The quest to comprehend the essence of human nature is as old as the capacity for reflective thought. In this provocative book, Dr. Michael Robbins proposes a new approach that draws upon psychoanalysis but is shaped by awareness of the limits that the particular circumstances of historical epoch, Western culture, male gender, and modal population from which psychoanalysis was derived impose on its modernist claims to being a universal theory.
Dr. Robbins addresses these limitations from the perspective of philosophy of science, focusing on the paradigm shift from logical positivism, which seeks to reduce complexity and diversity to its presumptive causal building blocks, to the postmodern emphasis on pluralism and on relativistic, contextual, evanescent knowledge. He examines the implications of this shift for the disciplines that study human nature-neuroscience, psychoanalysis, gender studies, anthropology, and sociology. After considering whether typical personality has changed over historical time and studying the cross-cultural diversity of human nature, the relationship of gender to personality, the spectrum of personality variability within Western culture, and the relationship of the contextual embeddedness of the conceiver to his or her theory, he proposes a dialectical conception of personality based on systems and chaos theories that respects its multiple guises and circumstantial richness of content without abandoning the quest for universal principles of organization and development.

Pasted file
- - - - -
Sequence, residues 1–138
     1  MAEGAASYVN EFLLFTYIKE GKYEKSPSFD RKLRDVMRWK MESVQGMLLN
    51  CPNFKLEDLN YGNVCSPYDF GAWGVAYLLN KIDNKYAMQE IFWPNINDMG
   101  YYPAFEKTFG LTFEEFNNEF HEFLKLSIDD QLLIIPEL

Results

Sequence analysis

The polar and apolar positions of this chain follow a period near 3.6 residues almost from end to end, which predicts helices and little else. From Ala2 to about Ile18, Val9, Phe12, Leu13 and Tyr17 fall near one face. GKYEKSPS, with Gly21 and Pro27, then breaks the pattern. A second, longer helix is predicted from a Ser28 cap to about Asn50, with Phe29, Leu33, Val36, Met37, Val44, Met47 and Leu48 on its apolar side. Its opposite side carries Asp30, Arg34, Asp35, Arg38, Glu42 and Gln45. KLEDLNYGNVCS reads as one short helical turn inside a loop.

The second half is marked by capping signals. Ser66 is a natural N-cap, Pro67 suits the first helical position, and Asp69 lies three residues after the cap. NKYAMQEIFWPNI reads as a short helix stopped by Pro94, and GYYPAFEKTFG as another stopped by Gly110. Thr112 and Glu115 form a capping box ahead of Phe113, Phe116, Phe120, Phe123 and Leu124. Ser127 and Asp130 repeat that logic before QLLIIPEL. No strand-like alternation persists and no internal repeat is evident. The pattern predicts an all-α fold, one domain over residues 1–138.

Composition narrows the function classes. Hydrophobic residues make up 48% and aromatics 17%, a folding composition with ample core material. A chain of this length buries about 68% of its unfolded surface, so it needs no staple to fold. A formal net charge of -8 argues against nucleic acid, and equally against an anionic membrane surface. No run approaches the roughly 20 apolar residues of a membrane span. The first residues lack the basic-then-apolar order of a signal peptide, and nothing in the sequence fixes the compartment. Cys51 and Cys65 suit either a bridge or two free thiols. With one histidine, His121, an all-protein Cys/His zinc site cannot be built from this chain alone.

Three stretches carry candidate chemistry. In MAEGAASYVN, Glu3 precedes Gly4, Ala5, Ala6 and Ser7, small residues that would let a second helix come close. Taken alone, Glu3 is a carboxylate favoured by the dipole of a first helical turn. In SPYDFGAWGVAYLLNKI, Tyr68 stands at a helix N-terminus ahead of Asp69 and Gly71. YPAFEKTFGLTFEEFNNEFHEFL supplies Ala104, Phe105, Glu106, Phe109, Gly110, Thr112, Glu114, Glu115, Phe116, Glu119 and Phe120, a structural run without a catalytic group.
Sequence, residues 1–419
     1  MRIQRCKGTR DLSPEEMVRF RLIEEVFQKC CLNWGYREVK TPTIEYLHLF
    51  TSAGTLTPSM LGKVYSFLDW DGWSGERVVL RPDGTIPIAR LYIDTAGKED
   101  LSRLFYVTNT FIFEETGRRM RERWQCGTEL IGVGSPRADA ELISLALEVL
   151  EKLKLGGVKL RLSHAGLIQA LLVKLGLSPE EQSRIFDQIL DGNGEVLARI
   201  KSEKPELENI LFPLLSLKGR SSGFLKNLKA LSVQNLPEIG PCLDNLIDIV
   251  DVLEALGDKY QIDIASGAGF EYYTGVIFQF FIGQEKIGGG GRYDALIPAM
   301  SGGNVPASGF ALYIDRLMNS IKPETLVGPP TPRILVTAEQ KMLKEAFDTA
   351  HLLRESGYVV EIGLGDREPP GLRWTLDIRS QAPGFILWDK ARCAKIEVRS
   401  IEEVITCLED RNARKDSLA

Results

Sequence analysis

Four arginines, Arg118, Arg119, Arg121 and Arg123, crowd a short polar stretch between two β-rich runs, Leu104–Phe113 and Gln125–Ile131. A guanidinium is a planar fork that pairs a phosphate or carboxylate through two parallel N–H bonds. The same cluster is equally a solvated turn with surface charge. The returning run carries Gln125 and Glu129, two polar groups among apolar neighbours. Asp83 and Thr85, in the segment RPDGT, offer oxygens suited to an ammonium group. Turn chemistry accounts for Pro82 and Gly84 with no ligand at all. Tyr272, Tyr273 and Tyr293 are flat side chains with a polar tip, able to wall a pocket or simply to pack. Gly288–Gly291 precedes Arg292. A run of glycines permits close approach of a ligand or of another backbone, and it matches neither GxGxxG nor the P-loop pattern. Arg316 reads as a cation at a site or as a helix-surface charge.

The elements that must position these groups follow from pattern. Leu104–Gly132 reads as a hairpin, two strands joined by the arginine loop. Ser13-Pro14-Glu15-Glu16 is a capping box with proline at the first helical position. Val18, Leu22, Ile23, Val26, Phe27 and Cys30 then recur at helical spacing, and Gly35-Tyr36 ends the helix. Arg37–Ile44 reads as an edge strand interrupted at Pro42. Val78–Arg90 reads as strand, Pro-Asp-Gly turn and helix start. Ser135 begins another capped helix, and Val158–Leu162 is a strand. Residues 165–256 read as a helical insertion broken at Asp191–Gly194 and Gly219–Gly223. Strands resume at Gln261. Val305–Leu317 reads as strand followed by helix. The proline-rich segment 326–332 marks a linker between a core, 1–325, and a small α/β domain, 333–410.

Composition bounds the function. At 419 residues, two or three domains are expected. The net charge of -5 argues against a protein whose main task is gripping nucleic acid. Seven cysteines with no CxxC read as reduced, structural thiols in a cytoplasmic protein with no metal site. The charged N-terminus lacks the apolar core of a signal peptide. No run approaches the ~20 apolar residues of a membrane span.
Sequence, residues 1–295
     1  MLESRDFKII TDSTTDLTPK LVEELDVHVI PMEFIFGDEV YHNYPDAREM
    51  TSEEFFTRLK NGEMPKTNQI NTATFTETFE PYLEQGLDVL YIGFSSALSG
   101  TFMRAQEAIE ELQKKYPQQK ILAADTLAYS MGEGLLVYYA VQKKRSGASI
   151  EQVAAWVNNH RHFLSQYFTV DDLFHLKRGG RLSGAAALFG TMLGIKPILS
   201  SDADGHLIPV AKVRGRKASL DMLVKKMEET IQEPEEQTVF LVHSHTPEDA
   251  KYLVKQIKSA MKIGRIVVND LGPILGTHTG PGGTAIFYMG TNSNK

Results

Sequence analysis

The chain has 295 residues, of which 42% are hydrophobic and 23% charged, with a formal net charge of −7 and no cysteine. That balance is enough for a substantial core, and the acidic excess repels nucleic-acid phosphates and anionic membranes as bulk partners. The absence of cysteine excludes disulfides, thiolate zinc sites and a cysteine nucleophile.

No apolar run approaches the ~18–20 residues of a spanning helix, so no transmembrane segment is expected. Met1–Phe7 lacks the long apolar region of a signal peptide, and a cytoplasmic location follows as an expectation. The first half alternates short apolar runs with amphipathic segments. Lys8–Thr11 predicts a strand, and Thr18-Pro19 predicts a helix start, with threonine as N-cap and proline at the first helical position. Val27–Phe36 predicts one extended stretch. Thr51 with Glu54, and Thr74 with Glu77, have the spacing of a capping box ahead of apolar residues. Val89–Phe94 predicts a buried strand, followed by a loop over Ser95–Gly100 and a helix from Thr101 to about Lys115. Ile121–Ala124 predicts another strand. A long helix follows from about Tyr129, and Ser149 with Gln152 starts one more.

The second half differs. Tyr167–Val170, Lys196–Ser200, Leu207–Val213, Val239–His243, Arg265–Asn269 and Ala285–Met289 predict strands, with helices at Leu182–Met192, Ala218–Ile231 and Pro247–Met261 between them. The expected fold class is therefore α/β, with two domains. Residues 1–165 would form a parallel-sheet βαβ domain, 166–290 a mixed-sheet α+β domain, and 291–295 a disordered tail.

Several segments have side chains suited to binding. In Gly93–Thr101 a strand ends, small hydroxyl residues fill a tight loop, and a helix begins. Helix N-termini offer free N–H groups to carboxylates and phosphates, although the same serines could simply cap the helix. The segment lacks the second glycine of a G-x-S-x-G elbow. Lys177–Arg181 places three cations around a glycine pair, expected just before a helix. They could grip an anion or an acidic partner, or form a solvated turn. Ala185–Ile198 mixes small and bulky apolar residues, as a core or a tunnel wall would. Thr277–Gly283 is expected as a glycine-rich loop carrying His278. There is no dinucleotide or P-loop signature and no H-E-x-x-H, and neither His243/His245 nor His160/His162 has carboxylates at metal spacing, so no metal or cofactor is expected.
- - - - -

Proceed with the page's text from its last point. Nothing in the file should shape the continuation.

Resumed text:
Michael Robbins, M.D., is an assistant clinical professor of psychiatry at Harvard Medical School and a faculty member at the Massachusetts Institute for Psychoanalysis and the Psychoanalytic Institute of Northern California. He is also the author of Experiences of Schizophrenia: An Integration of the Personal, Scientific, and Therapeutic.
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